I don’t recommend the stress diet: TOLT

Today I’m Thinking Out Loud about generalities and how much I hate them.

If one more person says to me that little dogs are just nippy, I think I will scream. Little untrained dogs can be nippy, yes — although it’s still not a given.

Or all the people saying “well, it’s just the adjustment“. Of course there is an adjustment, but a well adjusted dog is not going to bite without provocation even when his world is turned upside down.

How about “don’t worry, he’s friendly!“, even though the dog has made it pretty darn clear that he wants to eat you.

Or all pitbulls are dangerous. They can be — but again, they can be the sweetest dogs ever. It’s all about how they’re raised.

Speaking of raising, too many people ignore the warning signs. I’m quite sure Bandit’s previous owner did. In fact, she told me he’d sometimes lift his lips and snarl at her other animals when he was on a chair (after we’d had him a couple of days, of course), and that it didn’t mean anything.

Except it really did. You don’t want to train out growling, because a dog that bites without growling (growling is a warning sign that they are uncomfortable with something) is unpredictable and scary.

People make excuses. They’re in denial. They don’t want to put in the hard work.

Train your puppies
And I’m not talking about housetraining, although of course that’s important. You can never get that puppy time back, that time when you can properly introduce them to all sorts of people, noises, objects.

Yes, it takes time. But the years you’ll have with a well adjusted dog are priceless. Sure, all dogs have their quirks and always will, but proper training when they’re young is crucial. I can’t emphasize it enough.

And God forbid you should ever have to rehome your untrained dog for some reason — it can be very, very, very very difficult to get rescues to even talk to you if you have a dog with issues. You just never know what life will throw at you.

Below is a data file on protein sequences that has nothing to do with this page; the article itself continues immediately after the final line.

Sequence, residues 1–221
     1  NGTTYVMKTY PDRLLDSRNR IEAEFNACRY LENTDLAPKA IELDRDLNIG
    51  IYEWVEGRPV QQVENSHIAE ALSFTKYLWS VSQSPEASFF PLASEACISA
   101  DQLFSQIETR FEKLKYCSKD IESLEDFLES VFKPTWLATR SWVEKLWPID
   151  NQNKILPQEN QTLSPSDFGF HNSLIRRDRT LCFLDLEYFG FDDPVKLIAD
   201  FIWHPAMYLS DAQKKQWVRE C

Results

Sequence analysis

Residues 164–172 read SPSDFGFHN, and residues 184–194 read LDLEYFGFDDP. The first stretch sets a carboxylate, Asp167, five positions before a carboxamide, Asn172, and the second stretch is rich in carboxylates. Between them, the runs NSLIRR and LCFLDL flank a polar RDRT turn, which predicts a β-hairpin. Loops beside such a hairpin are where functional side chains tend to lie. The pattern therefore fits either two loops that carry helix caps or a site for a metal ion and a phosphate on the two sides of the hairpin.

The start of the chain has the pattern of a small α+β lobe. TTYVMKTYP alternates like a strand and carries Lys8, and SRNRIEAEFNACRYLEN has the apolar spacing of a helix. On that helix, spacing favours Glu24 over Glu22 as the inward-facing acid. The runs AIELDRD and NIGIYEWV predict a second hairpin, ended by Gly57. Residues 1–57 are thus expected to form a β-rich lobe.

Crates are not the devil
Again, you just never know when your dog might have to be crated. A vet stay. A vacation. A new animal that comes into your home and needs to be separated. God forbid, being rehomed.

The whole point of crate training is to give your dog a safe place.

Every single dog that has lived with us is crate trained (we’re working on it with Bandit). Of course they don’t like it at first. You have to liberally treat them when they’re in their crate, and it can’t be just any old treat, either (see last week’s TOLT for what worked wonders for Bandit).

Give them something yummy to chew on when they’re in there. Don’t use the crate as a punishment. Get them used to being in it when you’re not there. Feed them in their crate.

When Lola is scared or nervous, she goes into her crate. She was no longer crated until Bandit came into our lives, and now we only close the door briefly sometimes when we want to make sure she’s not in Bandit’s face.

Lola came to us at 10 months old. Some previous owners would put her in the crate with a puppy pad until she used it. Wrong on so many levels — not only was she not house trained, she was not comfortable in a crate, either; she’d circle and whine until I wanted to slap her.

And today, when she’s nervous, as I said, she goes into her crate and just curls up.

Crating is not punishment; it’s safety.

So back to the title
The first couple of weeks with Bandit were so stressful I could barely eat. Yeah, I lost a little weight but I really don’t recommend it.

On the other hand, my weekly mileage got up to 15 miles, and somewhere between that and 20 suddenly I can start eating more and still lose weight.

I don’t really know which was responsible, but I do know I made a real effort to eat healthy as much as possible because I knew eating crap was a one way ticket to sickville (not that I’m sure I’m staying away, but so far, so good).

Recuperating — both of us!

I swear Gizmo took 9 years off my life!
Above we’re relaxing in his outdoor kennel after his ordeal (read about it in my Wednesday Word post).


Lola being her sweet, goofy self
I was taking a break and playing with her one day in the bedroom. Somehow she dropped that toy on the way up the stairs.

Gnome app

Excited to try out Gnome tomorrow